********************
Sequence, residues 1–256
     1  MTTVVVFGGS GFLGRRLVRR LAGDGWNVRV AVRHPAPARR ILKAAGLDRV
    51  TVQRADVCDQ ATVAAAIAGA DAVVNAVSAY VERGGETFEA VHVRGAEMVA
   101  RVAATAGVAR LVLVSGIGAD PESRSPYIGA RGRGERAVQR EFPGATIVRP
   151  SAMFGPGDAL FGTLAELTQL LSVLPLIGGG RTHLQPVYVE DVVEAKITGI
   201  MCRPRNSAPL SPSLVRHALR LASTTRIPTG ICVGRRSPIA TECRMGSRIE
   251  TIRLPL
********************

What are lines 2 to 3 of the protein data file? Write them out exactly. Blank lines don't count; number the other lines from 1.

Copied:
     1  MTTVVVFGGS GFLGRRLVRR LAGDGWNVRV AVRHPAPARR ILKAAGLDRV
    51  TVQRADVCDQ ATVAAAIAGA DAVVNAVSAY VERGGETFEA VHVRGAEMVA